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Wondering if you can help.

I have a series of (~950KB) '.txt' output files from a computational chemistry program. Each has the following general format:

Job Started  at 15:45.50 12th June       2013                               


 **** Optimisation achieved ****

 Final energy =    -348.67740315 eV
 Final Gnorm  =       0.00037832


 **** Optimisation achieved ****

 Final defect energy  =      103.09066596
 Final defect Gnorm   =        0.00000141


[N.B. This second optimisation may not always be achieved, but a 'defect energy' will be printed anyway: if this is the case I am not interested in the result as it is meaningless]

[N.B. The number of lines represented by the dots varies form file to file and is unknown until the file is read. Also they are not numbered.]

My task is to find the lines shown above and output them into a newly created 'results' file.

I know how to open and read the file, but am unsure as to how to go about finding/copying the above lines from each file within the directory.

Any advice/suggestions would be appreciated (please be patient I am new to programming)

share|improve this question
Does the data have some structure? – badc0re Aug 30 '13 at 8:40
@badc0re Each of the iterative optimisation steps gets its own line - like a table (but not one). The energies that I am after, are explicitly stated on their own line at the end of the calculation. (Thankfully the code that I use to run the calculations is semi user friendly in that respect.) – user2696225 Aug 30 '13 at 12:20
It would help to show the code to make answering your question a lot easier – user1800989 Aug 30 '13 at 13:46

As a starting point, you could do something like this

def find_energy(fn):
    lines = open(fn).readlines()
    result_lines = [l for l in lines if '*optimisation achieved**' in l]
    print(fn, result_lines)

But you will need to modify it to fit your data and the exact output format that you want

share|improve this answer
apologies but could you explain the ones in the brackets of result_lines? – user2696225 Aug 31 '13 at 14:24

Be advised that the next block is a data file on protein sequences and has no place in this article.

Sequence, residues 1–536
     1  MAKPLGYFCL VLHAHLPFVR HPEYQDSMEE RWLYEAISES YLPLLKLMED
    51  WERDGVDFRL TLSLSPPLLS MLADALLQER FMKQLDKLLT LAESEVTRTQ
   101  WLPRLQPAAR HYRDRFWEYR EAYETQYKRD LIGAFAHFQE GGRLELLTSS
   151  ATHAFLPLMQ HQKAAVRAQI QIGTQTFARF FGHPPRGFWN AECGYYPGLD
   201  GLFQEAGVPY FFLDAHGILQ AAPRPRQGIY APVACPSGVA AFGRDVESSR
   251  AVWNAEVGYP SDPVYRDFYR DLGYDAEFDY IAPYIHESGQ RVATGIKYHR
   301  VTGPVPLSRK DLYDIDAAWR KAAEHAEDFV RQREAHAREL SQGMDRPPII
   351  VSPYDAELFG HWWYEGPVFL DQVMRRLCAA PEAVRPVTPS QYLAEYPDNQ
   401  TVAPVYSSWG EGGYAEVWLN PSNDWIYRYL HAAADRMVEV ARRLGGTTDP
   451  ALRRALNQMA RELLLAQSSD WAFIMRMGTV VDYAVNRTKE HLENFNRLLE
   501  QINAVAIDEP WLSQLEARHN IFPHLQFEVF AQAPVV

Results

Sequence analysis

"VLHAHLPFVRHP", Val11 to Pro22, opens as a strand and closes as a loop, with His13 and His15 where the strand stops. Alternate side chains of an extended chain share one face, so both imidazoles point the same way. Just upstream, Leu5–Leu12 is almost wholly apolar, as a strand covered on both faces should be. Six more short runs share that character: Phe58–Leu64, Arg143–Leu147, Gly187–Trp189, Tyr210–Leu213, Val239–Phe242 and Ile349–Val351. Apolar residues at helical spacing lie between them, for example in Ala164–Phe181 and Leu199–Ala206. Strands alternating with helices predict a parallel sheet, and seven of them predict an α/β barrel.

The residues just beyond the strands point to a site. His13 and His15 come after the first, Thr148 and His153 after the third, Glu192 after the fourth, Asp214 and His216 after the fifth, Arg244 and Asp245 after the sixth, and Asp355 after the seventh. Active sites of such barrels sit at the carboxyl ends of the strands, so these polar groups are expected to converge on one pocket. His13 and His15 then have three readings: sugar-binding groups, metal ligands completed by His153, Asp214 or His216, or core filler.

That's a so-called list comprehension. This line generates a list of all the lines containing 'optimisation achieved*'. More info here: – crs17 Sep 2 '13 at 14:17

Question isn't for 100% clear for me but from these parts I can understand it isn't complex task.

I can propose you function to read all your files and print output data in format:

(filename, final energy, defect energy)

This function will work only if in each file you will provide will be one occurrence of "final energy" and one occurrence of "defect energy".

To make this function work you have to call if with list of files to be parsed. Whole data will be stored into output file or printing to stdout.

def get_data_by_pattern(filenames, output_file=None, text_pattern='optimisation achieved'):
    ofh = open(output_file, 'w+')
except (IOError, OSError):
    ofh = sys.stdout
for f_name in filenames:
        filedata = open(f_name, 'r').read()
    except (IOError, OSError), err:
        print 'Problem with file "%s": %s' % (f_name, err)
    final_energy = ''
    defect_energy = ''
    for l in b.splitlines():
        if text_pattern in l:
            if 'final' in l:
                final_energy = l.split('=')[1]
            elif 'defect' in l:
                defect_energy = l.split('=')[1]
        if final_energy and defect_energy:
    ofh.write('(%s,%s,%s)\n' % (filename, final_energy, defect_energy))
share|improve this answer

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